So the workout of the day, the first CrossFit workout of my life, is going to be intense.
I know this, not because I'm a great student of CrossFit, not because I studied the CrossFit Journal, but because everyone connected with CrossFit York keeps telling me: "It's intense. It's really intense. It's a different level of intensity. You'll really like the intensity." And when the trainers and member say the word -- intensity -- the corner of their mouths turn up in a wicked grin, their eyes widen. They say it as though intensity is a good thing.
Let's get a few things straight. Being middle-aged, fat and slow, intensity sounds like something to be avoided. Not discovered.
So CrossFit York trainer Jason Lauer and his wife Lindsey promise they won't kill me. Not today, at least. They offer a simplified version of a CrossFit workout, think CrossFit for Dummies.
They demonstrate the correct form for a squat. They demonstrate how to throw a medicine ball off the wall, catch the ball and perform a squat -- only to stand and repeat the whole movement. They demonstrate how to squat with a 35-pound kettle bell, how to swing it between your legs and lift the weight to eye level in one motion. And they demonstrate how to jump on top of a wooden box without breaking your face.
My workout of the day consisted of repeating the whole ordeal in one-minute increments.
--- Wall ball: One minute of tossing the medicine ball against a wall, catching it and performing a squat.
--- Ringing the bell: One minute of kettle bell squats. Complete as many as possible.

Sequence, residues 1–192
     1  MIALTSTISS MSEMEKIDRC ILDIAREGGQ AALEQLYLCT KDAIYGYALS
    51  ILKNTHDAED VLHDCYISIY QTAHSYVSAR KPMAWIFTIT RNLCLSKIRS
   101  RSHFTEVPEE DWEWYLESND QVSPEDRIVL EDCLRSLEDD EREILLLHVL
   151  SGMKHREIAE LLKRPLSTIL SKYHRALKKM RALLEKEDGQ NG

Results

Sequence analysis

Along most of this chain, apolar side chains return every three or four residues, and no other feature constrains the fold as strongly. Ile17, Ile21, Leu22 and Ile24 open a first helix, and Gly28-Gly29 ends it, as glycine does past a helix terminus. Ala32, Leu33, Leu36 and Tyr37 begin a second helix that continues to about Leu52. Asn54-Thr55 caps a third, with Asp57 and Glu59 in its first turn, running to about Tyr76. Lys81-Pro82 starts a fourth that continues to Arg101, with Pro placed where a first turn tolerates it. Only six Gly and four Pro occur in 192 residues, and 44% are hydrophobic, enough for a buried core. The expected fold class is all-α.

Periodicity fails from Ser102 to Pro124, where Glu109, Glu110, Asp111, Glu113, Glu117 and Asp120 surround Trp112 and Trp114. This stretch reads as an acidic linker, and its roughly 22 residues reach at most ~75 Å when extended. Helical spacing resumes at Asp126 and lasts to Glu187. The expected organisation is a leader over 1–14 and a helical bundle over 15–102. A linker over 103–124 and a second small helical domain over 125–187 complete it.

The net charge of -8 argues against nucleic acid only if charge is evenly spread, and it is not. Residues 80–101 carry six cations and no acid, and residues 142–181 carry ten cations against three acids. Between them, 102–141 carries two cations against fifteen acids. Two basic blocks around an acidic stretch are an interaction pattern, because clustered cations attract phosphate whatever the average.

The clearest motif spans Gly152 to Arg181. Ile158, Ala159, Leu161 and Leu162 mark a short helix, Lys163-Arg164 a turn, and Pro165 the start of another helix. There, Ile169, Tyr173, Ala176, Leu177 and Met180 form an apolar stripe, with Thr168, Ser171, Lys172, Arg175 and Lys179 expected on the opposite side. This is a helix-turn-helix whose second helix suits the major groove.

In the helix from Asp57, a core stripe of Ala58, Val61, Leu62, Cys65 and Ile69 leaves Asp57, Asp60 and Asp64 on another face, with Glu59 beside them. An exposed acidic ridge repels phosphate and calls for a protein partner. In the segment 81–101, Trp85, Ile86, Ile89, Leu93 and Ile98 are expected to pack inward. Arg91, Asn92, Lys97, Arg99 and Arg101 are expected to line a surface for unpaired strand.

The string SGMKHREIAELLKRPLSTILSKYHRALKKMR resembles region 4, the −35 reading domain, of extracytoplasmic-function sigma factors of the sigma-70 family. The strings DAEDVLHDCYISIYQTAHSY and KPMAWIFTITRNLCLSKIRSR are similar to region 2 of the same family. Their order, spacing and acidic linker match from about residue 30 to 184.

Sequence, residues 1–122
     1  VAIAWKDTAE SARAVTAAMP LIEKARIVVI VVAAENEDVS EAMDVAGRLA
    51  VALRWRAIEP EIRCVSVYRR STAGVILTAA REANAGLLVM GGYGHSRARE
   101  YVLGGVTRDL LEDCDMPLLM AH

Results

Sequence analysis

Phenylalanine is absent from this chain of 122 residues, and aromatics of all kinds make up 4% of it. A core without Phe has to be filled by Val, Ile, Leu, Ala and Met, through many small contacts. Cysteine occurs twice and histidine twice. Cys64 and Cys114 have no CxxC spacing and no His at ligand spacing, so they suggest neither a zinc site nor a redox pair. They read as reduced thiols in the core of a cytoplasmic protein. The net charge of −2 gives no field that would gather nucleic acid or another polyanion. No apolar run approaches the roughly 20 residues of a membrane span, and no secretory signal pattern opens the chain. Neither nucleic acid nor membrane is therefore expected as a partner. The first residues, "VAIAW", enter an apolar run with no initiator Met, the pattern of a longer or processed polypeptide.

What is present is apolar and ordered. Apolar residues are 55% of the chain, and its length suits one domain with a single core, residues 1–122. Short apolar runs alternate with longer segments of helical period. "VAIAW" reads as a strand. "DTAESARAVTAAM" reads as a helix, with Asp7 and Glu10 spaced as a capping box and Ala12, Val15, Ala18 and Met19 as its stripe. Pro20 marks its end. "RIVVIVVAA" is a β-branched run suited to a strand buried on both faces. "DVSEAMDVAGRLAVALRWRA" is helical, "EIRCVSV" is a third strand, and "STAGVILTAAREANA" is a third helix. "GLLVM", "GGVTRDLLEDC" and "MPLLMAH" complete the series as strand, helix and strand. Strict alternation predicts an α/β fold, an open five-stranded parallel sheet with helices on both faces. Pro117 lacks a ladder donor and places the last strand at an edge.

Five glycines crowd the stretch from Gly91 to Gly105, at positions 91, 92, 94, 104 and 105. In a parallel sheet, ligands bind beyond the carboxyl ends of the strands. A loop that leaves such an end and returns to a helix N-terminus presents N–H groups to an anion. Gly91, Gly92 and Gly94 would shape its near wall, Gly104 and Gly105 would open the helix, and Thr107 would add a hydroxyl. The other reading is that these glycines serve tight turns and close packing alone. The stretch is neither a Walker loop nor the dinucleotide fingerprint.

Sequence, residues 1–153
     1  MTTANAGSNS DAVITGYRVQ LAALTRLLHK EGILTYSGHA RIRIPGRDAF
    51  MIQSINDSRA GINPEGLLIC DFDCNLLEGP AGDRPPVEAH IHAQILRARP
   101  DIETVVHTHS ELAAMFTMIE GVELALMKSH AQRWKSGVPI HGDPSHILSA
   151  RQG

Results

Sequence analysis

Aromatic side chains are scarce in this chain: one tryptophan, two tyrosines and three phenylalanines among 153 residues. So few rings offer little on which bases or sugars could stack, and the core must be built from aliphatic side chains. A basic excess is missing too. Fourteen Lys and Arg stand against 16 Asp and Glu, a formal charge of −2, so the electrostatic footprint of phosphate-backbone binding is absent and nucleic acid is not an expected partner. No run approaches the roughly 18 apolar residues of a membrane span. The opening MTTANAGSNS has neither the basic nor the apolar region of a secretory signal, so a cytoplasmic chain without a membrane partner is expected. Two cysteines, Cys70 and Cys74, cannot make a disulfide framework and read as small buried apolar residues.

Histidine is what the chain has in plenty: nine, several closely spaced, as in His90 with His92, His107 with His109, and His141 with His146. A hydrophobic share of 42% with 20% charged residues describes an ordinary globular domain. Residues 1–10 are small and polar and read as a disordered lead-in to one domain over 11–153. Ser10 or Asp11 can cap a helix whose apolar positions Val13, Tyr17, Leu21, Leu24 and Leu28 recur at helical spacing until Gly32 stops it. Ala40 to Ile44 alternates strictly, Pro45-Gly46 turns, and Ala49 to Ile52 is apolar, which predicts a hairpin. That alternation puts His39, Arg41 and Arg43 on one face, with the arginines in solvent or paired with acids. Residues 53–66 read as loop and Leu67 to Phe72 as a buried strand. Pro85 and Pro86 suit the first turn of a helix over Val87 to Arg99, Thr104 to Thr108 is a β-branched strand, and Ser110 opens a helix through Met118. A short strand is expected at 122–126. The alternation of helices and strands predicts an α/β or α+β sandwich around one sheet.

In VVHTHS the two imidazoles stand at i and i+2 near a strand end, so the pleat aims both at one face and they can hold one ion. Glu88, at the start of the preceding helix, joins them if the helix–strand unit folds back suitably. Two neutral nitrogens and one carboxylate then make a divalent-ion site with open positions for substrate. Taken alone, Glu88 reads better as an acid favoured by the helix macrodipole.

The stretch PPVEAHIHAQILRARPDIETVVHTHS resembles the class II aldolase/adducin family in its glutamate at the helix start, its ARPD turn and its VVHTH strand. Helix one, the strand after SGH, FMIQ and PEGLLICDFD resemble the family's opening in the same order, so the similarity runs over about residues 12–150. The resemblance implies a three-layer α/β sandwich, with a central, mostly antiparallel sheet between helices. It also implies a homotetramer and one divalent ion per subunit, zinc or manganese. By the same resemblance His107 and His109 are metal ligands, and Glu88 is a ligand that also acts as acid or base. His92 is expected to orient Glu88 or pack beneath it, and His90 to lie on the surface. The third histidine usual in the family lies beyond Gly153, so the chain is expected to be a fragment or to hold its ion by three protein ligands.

--- Box jumps of death: One minute of jumping up on a box and jumping back down. Complete as many as possible.
--- Heaven: Rest for one minute.
Then repeat two more times.
That adds up to about a 12-minute workout. Sounds wimpy, right? I can remember thinking, I ran 5 miles yesterday, and this is supposed to be intense? Ha!
Other members were conducting similar routines and they looked to be going in slow motion. Nothing about it looked intense.
And then Lindsey Lauer started telling me to go faster, improve form, squat deeper.
I'd never heard the word "squat" this many times in my life, including the weekend Joe Paterno ran off the field in the middle of the game after being hit with GI issues.
After the first minute of playing wall ball, the first sign of a problem hit me on the 10-foot walk to my kettle bell. The first case of Jell-O legs hit. ... Didn't go down, though. I can remember being proud of that. I didn't collapse after one minute of hard exercise.
My next few thoughts are scattered...
Too much effort needed to exercise...
Not enough time to keep notes...
The box jumps looked impossible after swinging a 35-pound weight up and down. I realized I had become one of those slow moving-souls, struggling to do even simple tasks.
And when my pathetic little workout ended, I sat on the floor -- my shirt covered in sweat.
I've done long runs. I've run marathons. I've lifted.
And this was completely different.
It was ... to coin a phrase ... intense.
The devilish grin is optional.